If I start out with 100 mM acetic acid, what substance (to a final concentration of 1 M) could I add to change the pH considerably? I was thinking of NaCl or ethanol or acetone. Substances added should not be acids or bases, i.e. a 1 M solution of them should have a pH close to neutral. I'm asking because I am trying to create a demonstration on how pH calculations are just approximations under non-ideal conditions.

The acetic acid should not undergo an chemical reaction (other than acid/base). I would use a pH meter to monitor the pH. I would have a control where I increase the volume to match the experiment where I add a substance that influences the pH (or dissolve the substance in 100 mM acetic acid to keep the acetic acid concentration constant).

I am looking for changes in pH based on non-ideal behavior. The concentration of acetic acid should remain the same, and there should not be any neutralization reaction. In other words, the calculate pH should stay at 2.87 (assuming ideal conditions) while the measured pH would change.

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    $\begingroup$ This is an interesting question. The easiest way is to the change the properties of the solvent. Add something like DMSO. $\endgroup$ – Zhe Jan 4 at 14:20
  • $\begingroup$ If your initial solvent is water, the easiest to increase the concentration of aceitic acid and, therefore, increase the pH would be to somehow decrease the volume of water. Possibly look for a way to evaporate water. Distilling the solution might be tricky since the boiling point of acetic acid and water are close (118 celsius). Another way might be to use a dehydrating agent to eliminate water. The best dehydrating agent I can think of are all strong acids (sulfuric and phosphoric). However, hot aluminum oxide might also work (if it doesn't have any side reactions with aceitic acid). $\endgroup$ – Ethiopius Jan 4 at 14:41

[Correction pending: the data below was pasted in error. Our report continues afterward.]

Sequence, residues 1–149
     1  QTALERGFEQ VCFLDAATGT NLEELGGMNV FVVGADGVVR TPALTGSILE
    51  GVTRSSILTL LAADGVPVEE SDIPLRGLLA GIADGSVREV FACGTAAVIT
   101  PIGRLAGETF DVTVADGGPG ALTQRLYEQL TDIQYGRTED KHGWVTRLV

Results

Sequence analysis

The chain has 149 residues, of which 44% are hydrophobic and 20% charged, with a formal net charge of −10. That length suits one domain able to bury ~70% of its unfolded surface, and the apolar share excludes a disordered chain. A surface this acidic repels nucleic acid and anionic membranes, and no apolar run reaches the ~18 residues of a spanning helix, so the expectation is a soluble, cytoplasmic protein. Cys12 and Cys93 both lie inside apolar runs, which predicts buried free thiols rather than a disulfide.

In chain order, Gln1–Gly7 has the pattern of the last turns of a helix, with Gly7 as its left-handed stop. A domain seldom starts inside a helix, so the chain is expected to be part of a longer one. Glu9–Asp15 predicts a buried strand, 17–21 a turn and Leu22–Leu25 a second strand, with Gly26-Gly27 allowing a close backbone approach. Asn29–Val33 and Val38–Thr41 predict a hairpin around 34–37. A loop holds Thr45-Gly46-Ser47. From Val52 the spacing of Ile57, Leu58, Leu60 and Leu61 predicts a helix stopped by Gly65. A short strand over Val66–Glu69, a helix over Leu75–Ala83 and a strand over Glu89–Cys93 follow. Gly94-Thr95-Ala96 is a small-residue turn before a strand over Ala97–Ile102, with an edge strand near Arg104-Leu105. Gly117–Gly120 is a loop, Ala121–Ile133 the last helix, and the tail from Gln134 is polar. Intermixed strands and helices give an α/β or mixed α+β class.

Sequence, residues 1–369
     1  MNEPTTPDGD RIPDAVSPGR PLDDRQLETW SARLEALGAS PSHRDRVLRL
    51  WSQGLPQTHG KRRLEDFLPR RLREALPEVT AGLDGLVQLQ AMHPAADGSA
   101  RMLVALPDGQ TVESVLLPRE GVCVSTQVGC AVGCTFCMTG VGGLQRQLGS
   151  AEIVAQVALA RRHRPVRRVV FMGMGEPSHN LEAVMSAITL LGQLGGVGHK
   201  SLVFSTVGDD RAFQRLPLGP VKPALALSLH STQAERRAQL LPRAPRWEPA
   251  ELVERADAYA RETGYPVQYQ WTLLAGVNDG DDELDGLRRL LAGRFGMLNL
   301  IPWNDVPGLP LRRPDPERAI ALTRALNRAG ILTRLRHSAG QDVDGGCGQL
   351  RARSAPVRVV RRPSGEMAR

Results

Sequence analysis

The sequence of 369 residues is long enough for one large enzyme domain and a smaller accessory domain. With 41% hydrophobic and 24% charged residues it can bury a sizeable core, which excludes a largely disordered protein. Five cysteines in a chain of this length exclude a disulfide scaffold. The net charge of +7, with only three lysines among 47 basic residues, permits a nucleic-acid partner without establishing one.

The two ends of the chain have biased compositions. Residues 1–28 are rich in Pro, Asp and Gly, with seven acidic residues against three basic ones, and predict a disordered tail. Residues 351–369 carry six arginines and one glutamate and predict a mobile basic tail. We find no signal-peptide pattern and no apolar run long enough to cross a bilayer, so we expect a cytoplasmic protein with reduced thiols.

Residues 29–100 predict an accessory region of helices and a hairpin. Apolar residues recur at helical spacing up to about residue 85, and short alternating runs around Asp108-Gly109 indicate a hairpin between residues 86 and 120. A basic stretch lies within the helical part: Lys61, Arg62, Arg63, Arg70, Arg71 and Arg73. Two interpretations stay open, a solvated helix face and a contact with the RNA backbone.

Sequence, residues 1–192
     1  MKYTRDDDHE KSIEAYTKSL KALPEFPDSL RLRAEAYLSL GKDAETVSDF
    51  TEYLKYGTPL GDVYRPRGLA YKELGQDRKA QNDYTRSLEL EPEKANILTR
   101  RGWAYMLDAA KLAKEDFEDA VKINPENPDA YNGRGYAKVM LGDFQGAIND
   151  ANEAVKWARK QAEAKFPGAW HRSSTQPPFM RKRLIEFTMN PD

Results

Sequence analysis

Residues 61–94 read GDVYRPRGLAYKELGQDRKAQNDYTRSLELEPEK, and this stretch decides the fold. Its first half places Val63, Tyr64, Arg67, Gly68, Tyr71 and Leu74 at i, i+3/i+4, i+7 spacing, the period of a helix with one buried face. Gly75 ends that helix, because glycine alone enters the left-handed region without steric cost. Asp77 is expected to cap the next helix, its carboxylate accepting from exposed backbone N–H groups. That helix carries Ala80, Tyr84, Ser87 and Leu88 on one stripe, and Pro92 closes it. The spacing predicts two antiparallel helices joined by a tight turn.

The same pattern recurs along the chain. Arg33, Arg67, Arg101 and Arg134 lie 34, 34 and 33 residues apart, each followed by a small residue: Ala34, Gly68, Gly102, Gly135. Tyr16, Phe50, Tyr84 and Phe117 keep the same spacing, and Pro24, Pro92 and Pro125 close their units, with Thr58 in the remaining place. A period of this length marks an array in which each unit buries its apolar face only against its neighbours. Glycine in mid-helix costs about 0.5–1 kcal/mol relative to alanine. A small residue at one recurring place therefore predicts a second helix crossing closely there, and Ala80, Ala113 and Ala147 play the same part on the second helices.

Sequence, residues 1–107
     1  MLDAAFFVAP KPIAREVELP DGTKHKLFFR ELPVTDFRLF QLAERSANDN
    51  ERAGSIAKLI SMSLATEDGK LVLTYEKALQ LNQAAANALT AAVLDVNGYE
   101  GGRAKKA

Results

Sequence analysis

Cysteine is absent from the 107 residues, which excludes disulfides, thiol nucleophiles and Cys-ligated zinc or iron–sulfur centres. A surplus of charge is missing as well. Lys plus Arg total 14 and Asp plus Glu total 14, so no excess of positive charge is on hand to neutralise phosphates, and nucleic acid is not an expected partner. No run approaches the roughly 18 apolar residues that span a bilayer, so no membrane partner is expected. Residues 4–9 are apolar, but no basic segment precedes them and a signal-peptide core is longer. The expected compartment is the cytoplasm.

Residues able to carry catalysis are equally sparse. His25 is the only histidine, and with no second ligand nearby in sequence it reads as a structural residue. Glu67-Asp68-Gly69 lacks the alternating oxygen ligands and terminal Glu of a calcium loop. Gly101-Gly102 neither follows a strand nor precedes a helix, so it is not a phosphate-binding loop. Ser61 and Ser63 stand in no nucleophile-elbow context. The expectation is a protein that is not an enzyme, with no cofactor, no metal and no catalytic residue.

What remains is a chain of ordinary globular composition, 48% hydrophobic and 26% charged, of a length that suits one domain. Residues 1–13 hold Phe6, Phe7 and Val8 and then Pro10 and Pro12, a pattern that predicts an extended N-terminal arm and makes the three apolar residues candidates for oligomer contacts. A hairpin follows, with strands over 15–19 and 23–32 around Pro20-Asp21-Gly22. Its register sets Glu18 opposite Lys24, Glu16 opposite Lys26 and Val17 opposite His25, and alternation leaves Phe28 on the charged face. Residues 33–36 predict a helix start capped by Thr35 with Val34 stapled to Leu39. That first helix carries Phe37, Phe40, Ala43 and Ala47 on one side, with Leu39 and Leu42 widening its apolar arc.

• $\begingroup$ I'm not entirely sure, but probably some neutral buffer or a zwitterion with $\mathrm{pI}$ close to neutral would satisfy the requirements as either of those separately a) would have a pH close to neutral; b) effectively "capture" protons and keep $\mathrm{pH}$ close to 7. $\endgroup$ – andselisk Jan 4 at 14:52
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    $\begingroup$ @andselisk I appreciate the thoughtful comments, you are helping me to write a better question. Adding a second phase would be fine (there is a second phase already - air - and it might get me into trouble if CO2 starts dissolving in my solution). $\endgroup$ – Karsten Theis Jan 4 at 15:57
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    $\begingroup$ Here's another idea: what about adding or removing heat (i.e. showing the temperature dependency of kw)? It's not the exact scenario you ask for, but, in terms of showing that pH is based on ideal conditions, it should make the students question the validity of the kw = 1E-14 assumption. $\endgroup$ – Van Jan 4 at 20:12

perhaps you are looking at the wrong system.

get a salt that is fairly well ionised eg aluminium sulfate.

get something neutral that complexes the metal and leaves it in solution. Seem to remember observing it long ago, but I cannot remember with certainty but sodium gluconate , or gluconic acid seem to ring a bell.


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